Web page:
BIRMINGHAM, Alabama — Up until a few months ago, Agustin Canapino thought his entire racing career would be spent in his home country of Argentina.
That wasn’t necessarily a bad thing. After all, Canapino is one of the most successful drivers Argentina has ever produced, having won more than 100 races and a total of 15 championships in various domestic racing series.
Fate, though, had other plans. When Juncos Hollinger Racing founder and fellow countryman Ricardo Juncos arranged to have an NTT IndyCar Series exhibition in Buenos Aires last November, he tapped Canapino to handle the driving duties. Then, on Jan. 12, he announced that the 33-year-old Canapino would be joining his IndyCar team behind the wheel of the No. 78 JHR Chevrolet.
The IndyCar world was more than surprised at the announcement, though not as much as the driver was. But after three races, he’s more than shown his mettle, finishing 12th at the season opener at St. Pete and an impressive 11th at Texas – the first oval race of his career.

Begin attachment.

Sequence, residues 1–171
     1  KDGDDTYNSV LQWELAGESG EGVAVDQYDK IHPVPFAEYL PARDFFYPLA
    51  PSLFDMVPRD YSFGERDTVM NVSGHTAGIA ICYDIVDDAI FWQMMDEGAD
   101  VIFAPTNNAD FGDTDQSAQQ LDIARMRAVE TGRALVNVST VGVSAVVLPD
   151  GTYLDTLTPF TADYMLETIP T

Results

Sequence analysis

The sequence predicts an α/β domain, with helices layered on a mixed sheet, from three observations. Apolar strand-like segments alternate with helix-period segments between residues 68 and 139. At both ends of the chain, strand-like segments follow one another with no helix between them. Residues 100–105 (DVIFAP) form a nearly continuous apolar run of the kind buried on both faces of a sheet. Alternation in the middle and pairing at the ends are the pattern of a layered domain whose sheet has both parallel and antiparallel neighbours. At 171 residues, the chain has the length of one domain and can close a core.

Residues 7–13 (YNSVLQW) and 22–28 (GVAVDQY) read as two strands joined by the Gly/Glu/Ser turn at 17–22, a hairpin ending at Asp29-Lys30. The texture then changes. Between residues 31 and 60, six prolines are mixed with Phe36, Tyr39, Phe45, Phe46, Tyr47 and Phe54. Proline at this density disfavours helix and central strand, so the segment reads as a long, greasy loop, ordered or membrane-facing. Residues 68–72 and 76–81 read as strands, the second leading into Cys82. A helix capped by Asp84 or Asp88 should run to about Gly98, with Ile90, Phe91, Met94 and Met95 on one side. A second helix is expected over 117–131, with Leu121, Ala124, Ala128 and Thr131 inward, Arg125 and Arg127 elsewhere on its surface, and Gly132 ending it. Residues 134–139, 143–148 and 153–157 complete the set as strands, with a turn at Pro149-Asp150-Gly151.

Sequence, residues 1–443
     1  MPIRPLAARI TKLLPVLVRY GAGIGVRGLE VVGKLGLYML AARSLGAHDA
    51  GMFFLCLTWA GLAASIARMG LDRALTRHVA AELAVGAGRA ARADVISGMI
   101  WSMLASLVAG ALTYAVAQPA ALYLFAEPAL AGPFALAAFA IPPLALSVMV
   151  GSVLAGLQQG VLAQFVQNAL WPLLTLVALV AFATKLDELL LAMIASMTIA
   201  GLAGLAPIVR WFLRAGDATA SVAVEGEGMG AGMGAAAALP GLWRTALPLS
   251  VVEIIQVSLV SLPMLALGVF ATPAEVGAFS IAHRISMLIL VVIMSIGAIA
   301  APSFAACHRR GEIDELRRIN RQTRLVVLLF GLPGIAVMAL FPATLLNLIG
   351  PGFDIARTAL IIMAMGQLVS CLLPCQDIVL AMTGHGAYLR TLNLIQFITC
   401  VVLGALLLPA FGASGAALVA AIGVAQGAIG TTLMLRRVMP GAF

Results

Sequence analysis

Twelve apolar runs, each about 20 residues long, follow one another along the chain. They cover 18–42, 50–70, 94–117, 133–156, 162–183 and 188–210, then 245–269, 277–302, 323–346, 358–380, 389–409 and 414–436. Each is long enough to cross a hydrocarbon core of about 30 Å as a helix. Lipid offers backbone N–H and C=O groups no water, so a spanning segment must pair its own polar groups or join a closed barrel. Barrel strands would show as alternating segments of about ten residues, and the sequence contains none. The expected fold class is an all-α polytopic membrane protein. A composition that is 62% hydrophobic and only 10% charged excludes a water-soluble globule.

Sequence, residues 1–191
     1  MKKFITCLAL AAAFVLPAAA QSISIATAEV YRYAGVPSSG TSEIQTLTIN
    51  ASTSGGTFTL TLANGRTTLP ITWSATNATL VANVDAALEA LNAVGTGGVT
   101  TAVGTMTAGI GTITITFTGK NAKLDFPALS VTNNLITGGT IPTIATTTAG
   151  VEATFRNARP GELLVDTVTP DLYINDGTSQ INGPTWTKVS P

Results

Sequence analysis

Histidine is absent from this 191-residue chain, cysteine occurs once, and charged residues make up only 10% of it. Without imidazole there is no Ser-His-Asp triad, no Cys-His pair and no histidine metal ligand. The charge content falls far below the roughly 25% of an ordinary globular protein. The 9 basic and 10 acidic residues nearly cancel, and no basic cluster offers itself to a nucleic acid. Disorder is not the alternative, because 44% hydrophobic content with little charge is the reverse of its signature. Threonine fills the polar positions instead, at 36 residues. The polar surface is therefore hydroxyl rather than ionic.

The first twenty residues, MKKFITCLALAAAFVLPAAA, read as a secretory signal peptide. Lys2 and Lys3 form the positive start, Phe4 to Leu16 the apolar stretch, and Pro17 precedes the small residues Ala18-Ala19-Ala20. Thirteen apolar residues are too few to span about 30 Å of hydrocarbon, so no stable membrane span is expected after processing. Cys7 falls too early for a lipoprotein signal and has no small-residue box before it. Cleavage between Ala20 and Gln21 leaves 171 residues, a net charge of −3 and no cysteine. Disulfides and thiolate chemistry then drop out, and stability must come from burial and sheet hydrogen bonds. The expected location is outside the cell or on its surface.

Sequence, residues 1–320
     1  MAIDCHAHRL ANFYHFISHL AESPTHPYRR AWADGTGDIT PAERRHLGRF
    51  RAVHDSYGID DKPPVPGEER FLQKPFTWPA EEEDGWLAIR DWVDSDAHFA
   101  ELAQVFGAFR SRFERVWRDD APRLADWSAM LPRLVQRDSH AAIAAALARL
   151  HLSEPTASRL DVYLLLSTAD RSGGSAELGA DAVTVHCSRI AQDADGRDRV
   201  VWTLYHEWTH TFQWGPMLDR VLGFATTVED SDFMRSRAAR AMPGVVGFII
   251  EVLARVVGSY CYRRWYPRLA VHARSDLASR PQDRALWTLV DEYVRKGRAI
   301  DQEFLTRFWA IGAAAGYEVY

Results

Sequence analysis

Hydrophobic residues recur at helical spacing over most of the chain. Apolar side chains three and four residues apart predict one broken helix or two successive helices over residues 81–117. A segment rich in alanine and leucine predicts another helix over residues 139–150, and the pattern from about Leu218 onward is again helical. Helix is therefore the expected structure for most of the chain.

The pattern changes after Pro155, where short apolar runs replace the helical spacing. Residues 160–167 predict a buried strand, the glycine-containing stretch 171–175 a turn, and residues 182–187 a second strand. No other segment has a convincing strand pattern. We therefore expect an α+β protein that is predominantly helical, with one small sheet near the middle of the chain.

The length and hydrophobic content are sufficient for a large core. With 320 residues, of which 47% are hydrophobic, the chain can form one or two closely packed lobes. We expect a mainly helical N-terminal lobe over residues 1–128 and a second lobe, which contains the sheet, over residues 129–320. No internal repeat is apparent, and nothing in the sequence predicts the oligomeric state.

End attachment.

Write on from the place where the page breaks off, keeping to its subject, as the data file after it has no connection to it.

He heads into Sunday’s Children’s Hospital Indy Grand Prix at Barber Motorsports Park 18th in the IndyCar points standings, just one point behind Marcus Armstrong in the Rookie of the Year race.
Canapino admits there is a part of himself that is still trying to catch up.
“It came really fast and was unexpected,” Canapino told Frontstretch. “It’s amazing. It’s tough and a big challenge, but at the same time I am happy to be here, and I’m trying to make the most of this opportunity.”
Canapino’s relationship with Ricardo Juncos goes back to 2019, when he joined Juncos Racing in its DPi car for the Rolex 24 Hours of Daytona. There he helped his team to an eighth-place class finish, then competed again with Juncos in the 12 Hours of Sebring, where the Juncos effort finished 10th in class.
Fast forward to 2022. When the exhibition in Argentina also involved a test at Sebring, and when Canapino was quickly running laps and posting data comparable to other drivers Juncos had in mind for the seat, the team principal knew he had his driver.
“I (was interested) when we had the chance to see him in Daytona (in 2018), in the prototype,” Juncos said “When I saw him in the prototype I could see that difference he made and knew he would drive open wheel. Since then I have tried to find a way to do something with him, and four years later we finally got to put something together.
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